The revival of “The Piano Lesson,” which opened Thursday night on Broadway, is generally in tune.
The August Wilson play’s best asset is its younger leads John David Washington and Danielle Brooks, each of whom are already broadly admired, however show an altogether new and attractive vary of abilities.
2 hours and 45 minutes, with one intermission. On the Ethel Barrymore Theatre, 243 W. forty seventh St.
Particularly for Washington, who has been terrific in subdued roles in movies reminiscent of “BlacKkKlansman” and “Tenet,” a gregarious ball of live-in-person vitality like Wilson’s Boy Willie is simply the ticket.
Boy Willie is a sharecropper, dwelling in 1936 together with his eyes unblinking on the long run, who travels up from Mississippi to see his sister Berniece (Brooks) and uncle Doaker (Samuel L. Jackson) in Pittsburgh.
He’s not in PA on vacay, although — he’s bought information: Sutter, the person who owns the Mississippi land Boy Willie’s household as soon as labored on as slaves, is lifeless, and Boy Willie has the prospect to purchase it. However the one manner he can afford the plot is by promoting the cherished piano.
However Berniece, adamantly, is not going to permit her brother to take the instrument, which is weighty not solely due to its dimension however its previous. The piano, just like the land, has absorbed many years of inauspicious however important recollections.
“Mama Ola polished this piano along with her tears for 17 years,” she booms at Boy Willie. Brooks is riveting as she groundedly offers the wrenching speech. We final noticed the “Orange Is the New Black” actress on Broadway within the musical “The Shade Purple,” and she or he brings that very same fiery defiance to Wilson’s play that she did to the tune “Hell No!” in 2015.
A petrified Berniece admits she has been seeing Sutter’s specter within the corridor, and Doaker witnessed him sitting on the piano. On occasion, we see a blue mild upstairs.
Brooks additionally has a enjoyable, horny, tense tête-à-tête with Ray Fisher as Lymon, Boy Willie’s kindly womanizer pal who accompanies him from the South. Fisher will get laughs because the simply distracted puppy-dog sort, however there’s a poignant disappointment to how misplaced his Lymon is. Additionally making himself at house is Michael Potts as Doaker’s retro older brother Wining Boy. He oozes seedy charisma and sounds nice.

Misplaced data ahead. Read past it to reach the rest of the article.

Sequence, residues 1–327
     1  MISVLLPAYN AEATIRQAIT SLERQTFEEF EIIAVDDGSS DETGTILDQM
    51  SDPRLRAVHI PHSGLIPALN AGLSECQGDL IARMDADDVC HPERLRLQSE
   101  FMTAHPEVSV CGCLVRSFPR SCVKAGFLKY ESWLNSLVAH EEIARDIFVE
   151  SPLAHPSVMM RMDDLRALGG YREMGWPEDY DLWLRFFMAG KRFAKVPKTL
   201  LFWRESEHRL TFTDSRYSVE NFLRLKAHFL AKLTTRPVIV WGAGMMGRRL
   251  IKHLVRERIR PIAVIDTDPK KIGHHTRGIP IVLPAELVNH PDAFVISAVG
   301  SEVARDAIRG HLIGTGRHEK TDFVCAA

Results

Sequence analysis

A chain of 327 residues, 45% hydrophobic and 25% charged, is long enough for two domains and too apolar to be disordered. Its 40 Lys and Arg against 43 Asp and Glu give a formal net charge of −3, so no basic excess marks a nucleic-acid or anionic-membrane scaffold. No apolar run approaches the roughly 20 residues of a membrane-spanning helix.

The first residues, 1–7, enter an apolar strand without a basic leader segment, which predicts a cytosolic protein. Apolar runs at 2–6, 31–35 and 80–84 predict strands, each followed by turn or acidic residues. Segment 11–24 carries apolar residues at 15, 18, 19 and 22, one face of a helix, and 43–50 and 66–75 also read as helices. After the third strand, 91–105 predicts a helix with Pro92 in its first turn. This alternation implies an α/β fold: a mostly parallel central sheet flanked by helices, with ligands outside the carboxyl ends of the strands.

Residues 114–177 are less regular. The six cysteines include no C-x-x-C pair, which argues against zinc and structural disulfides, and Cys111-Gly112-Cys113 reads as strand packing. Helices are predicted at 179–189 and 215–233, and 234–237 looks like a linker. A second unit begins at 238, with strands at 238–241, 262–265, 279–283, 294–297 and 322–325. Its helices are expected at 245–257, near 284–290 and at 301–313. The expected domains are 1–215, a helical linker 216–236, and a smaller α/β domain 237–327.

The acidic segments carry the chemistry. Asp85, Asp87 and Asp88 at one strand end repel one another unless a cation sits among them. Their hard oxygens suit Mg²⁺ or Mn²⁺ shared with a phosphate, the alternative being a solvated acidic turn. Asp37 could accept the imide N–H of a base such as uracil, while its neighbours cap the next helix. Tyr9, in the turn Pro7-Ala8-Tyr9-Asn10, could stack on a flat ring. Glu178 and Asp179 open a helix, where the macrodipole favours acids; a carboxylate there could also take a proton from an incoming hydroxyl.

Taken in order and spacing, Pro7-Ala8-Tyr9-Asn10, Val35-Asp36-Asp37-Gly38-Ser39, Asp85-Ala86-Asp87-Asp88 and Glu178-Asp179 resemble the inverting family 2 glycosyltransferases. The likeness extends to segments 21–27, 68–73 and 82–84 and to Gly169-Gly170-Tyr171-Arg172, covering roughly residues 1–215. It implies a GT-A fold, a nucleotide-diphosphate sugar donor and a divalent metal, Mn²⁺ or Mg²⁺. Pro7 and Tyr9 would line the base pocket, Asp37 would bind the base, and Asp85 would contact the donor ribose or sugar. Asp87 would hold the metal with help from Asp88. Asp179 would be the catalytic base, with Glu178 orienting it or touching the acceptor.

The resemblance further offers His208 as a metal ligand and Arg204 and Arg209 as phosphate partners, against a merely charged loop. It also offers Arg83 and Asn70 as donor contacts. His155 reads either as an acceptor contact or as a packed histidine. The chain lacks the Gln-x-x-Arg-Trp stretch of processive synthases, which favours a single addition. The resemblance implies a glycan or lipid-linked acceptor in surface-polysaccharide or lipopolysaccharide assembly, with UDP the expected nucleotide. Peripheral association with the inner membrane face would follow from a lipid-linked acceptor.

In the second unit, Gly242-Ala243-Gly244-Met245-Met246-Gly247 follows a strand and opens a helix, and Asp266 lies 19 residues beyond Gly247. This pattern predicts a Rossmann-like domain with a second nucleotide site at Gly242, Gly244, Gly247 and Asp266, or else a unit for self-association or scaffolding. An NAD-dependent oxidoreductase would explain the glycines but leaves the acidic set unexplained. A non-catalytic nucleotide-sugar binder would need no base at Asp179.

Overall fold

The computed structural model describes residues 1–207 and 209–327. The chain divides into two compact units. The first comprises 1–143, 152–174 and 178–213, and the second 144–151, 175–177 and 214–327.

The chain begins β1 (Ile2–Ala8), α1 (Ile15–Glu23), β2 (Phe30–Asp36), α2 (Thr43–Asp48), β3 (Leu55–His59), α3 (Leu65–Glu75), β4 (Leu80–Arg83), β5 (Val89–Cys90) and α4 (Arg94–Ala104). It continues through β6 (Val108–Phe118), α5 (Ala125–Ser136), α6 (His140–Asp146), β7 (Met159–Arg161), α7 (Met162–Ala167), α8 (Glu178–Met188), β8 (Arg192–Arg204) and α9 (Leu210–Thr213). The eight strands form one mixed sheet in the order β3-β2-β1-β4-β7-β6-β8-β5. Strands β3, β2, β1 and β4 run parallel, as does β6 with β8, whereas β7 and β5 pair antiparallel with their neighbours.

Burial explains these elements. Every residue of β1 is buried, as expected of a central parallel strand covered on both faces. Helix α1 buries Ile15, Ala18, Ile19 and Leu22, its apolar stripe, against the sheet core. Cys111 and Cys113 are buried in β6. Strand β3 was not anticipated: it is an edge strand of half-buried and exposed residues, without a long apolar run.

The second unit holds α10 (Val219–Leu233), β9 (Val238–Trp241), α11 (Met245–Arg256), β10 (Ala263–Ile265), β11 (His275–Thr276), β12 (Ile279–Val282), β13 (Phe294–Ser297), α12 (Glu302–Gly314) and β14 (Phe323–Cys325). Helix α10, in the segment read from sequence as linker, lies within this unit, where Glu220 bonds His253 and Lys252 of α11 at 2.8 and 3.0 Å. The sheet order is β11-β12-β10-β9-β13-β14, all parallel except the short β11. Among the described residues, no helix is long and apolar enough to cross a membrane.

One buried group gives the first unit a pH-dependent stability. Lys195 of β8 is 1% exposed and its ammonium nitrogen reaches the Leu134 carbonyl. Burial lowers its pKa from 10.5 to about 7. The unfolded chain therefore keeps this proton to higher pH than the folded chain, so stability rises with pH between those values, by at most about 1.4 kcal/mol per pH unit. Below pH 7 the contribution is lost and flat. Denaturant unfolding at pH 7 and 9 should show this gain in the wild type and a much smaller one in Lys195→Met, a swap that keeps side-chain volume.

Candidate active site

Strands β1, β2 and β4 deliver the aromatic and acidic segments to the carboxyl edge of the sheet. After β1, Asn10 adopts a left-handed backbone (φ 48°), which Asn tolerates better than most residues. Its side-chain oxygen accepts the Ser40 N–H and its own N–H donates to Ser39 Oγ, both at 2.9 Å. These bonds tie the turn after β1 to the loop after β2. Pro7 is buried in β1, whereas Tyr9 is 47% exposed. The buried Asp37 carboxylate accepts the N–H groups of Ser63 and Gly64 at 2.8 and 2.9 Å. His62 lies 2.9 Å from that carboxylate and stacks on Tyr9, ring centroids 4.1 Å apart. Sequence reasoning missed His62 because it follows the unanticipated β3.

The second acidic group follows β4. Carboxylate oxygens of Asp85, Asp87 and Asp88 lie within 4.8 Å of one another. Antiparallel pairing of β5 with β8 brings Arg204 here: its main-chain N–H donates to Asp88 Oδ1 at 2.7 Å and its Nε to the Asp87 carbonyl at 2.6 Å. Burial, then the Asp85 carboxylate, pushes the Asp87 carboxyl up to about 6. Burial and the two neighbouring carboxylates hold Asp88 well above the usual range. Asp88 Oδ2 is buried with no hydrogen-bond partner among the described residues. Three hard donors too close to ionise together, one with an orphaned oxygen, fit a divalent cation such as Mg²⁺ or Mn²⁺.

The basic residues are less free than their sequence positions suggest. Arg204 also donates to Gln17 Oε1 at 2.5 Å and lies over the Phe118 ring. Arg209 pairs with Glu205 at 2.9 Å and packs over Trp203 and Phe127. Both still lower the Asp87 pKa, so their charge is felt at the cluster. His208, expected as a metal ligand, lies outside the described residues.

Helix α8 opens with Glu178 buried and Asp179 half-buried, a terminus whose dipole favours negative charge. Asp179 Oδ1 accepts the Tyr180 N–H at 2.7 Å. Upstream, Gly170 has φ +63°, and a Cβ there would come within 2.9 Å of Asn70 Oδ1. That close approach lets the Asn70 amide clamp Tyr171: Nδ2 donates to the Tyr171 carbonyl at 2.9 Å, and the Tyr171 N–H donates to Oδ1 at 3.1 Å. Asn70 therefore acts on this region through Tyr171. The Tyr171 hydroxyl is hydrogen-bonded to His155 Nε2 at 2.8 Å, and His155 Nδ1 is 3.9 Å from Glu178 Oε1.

Doaker, performed by Jackson, listens greater than he reveals off, so the half might be thankless. Jackson offers him a number of attraction — he’s Samuel L. Jackson! — however his most consequential second — a monologue during which he explains the difficult and harrowing backstory of the piano — fizzles. And that story is terribly essential to the tone of the present.
It’s then that we start to know that that piano, this room and these individuals are haunted, not solely by an precise ghost, however by historical past.
What the manufacturing — directed by LaTanya Richardson Jackson, spouse of Samuel L. — by no means fairly nails is the ghost story that hovers over the lounge drama and the way finest to marry the 2. So it leans too closely on dreary surroundings.
Beowulf Boritt, channeling Netflix horror honcho Mike Flanagan, has designed a grayscale set that’s a contact too on the nostril. Made up of charred and cracked wood beams with sparse ornament (no wallpaper, no footage), it will be a greater match for a full-on horror play. Its huge symbolic closing gesture is unimpressive for Broadway.
The well-known ending, involving the aforementioned ghoul, can also be bungled. This time it combines a display screen and less-than-adequate projection, the shoddiness of which distracts from the finale’s energy and goal. For those who’re sitting even barely off heart, you may barely discern what’s occurring. It could possibly be an iPhone flashlight or the aurora borealis.
The windup, nevertheless, is wealthy and sublimely acted. When Washington snarled and stared at Brooks and Jackson with unrelenting depth, I used to be reminded of his father Denzel’s explosive Troy in Wilson’s “Fences” that he carried out 12 years in the past simply two blocks away. In a play very a lot about legacy, that felt proper.
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